Having received acclaim from the likes of Wonderland and Nylon, Oslo-based Lazy Queen have recently caught our ears’ attention with the hooky surf-rock energy and jangly scuzz of latest single ‘Sober’. Reflecting on the complex nature of addition, it explores the ongoing struggle of sobriety in an addictive personality.
Having struggled with displacement throughout their life, Lazy Queen front-person Henrik has now moved from the US to Oslo, and is starting to feel in a better place. As a Non-Binary artist, they are a huge advocate of supporting the LGBTQ+ creative community and have performed at local Pride events a number of times.
Here, in our latest Guest Blog feature, Henrik reflects on their journey to self acceptance through music…
I’ve been asked to write about my journey to self-acceptance through music, but I’m finding it increasingly hard to get anything down on this page. It feels similar to being at the hairdresser, having no choice but to stare at yourself in the mirror for an hour straight, and all of a sudden everything just looks.. odd, out of place and not like you. I honestly think it would be hard to write an article about how I achieved being comfortable with myself, because I still don’t know if that’s something I can claim to be. I don’t think I’d be far off in saying that I experience at least a moment of some shade of self hatred every day, but it’s got better, and along the way I’ve come to realise that for me it’s as much about the work as the end point. And obviously, writing and creating in Lazy Queen and other projects has been a major part of the process.
Music has always been my form of expression in some way or another. My notebook is where I process my thoughts, feelings and impressions; in the rehearsal space, or in the tour van is where I get to be close, open and honest with my closest friends/family; and the stage is where I get to fully express myself in ways I’m not always able to in real life. For having been a fairly private and closed off person for most my life, I find it endlessly confusing and amusing that I now often end up airing out personal insights, struggles and developments in songs to be heard by, for the most part, strangers, before I actually open up about it to the people around me. My process has always been to internalise, but music showed me that there was an alternative, where the end-point isn’t necessarily completely closed off and isolated.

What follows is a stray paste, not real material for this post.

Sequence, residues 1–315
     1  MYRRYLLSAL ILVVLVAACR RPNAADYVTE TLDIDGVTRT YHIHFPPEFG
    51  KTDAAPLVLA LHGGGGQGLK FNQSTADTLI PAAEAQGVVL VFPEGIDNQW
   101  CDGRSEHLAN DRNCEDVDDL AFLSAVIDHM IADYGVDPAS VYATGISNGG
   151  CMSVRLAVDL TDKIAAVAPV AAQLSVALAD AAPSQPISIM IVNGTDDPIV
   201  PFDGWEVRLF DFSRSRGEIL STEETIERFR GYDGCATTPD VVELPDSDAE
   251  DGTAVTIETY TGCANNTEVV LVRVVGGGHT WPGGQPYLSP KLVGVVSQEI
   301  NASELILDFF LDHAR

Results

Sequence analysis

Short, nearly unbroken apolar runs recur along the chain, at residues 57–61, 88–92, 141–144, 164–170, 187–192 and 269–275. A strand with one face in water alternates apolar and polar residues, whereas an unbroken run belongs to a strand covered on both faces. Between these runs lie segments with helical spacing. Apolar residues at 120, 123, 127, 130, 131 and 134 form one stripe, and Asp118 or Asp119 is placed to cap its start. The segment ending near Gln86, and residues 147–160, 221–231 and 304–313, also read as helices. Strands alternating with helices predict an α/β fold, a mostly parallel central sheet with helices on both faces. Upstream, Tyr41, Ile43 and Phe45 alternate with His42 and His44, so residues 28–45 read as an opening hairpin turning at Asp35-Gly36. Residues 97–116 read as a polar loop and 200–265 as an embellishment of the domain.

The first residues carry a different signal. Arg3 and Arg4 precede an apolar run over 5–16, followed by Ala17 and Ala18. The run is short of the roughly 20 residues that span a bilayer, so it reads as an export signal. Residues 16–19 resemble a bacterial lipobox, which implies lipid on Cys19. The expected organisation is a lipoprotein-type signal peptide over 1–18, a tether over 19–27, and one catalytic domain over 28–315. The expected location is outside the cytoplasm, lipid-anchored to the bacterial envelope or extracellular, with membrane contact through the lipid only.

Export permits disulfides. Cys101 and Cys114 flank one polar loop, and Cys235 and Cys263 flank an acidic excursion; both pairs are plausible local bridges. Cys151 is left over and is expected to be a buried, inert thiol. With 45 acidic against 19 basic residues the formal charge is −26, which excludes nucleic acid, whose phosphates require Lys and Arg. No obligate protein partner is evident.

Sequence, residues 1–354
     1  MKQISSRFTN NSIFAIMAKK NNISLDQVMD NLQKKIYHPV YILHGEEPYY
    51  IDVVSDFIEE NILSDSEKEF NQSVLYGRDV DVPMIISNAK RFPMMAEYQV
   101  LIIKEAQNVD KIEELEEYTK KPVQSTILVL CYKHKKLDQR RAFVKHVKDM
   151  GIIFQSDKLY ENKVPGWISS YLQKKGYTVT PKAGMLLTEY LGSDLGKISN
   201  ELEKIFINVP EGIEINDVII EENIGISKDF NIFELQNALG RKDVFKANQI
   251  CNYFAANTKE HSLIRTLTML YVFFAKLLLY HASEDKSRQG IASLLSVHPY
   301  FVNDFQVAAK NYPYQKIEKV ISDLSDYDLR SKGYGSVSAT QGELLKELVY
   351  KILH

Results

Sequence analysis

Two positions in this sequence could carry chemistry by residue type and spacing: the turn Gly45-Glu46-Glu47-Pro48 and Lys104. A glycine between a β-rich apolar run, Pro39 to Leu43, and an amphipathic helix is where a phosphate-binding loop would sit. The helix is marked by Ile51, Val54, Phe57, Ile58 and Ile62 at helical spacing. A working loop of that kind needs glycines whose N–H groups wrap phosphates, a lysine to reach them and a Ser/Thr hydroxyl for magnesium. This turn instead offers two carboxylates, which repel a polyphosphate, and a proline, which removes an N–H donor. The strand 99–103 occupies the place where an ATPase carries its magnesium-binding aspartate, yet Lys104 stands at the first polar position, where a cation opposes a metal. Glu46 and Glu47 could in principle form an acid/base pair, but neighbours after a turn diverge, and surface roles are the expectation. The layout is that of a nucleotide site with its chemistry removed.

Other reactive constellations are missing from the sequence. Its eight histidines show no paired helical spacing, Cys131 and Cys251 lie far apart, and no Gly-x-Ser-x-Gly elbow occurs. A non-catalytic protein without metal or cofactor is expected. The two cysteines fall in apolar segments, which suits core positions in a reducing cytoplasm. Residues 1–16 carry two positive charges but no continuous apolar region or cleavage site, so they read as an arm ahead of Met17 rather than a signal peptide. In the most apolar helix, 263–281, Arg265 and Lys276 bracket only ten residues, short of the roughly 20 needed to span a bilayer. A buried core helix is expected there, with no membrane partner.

Growing up, I used to envy people who could unashamed – confidently and eloquently expressing their inner thoughts and ideas at any given time, feeling like I would never be able to do that; I felt like I lacked something very integral to relationships. Now, with a bit more life experience, and a somewhat more nuanced view of people in general, I realise that I’ll probably never get to that same space, that that’s totally fine, and also that maybe those people weren’t quite as straightforward as they might’ve seemed at the time. It doesn’t have to be all or nothing, in the way that I thought it did.
Writing and performing has given me a safe space to process, and a door to open when I was ready for it, and it’s a practice that has slowly followed me into my everyday life. I’ve always been an introspective and shielded person, and at the same time pretty invested in picking apart my own thoughts and patterns – though it took me hitting some major lows before I did anything about it. After a brush with death a couple of years ago I started to realise that I absolutely needed to open myself up more, also outside of the music. I think I’ve come a long way since then, but it’s still still far from easy. I feel like I fuck up every other day, and on those days I feel like a fucking hypocrite trying to write things like this.
I was talking to my friend Chloe (our tour manager) the other day, and she said something to the effect of: you’re at the same time one of the most open and closed off people I know. I’m not sure what to do with that, but it sure feels like the shoe fits. I don’t hold the answers, but if anything, I believe honesty, openness and an attitude of “fuck the taboos” have saved my life.
Massive thanks to Henrik for sharing his thoughts with us!
Lazy Queen’s latest single ‘Sober‘ is out now.
Photo Credit: Lukka Fogie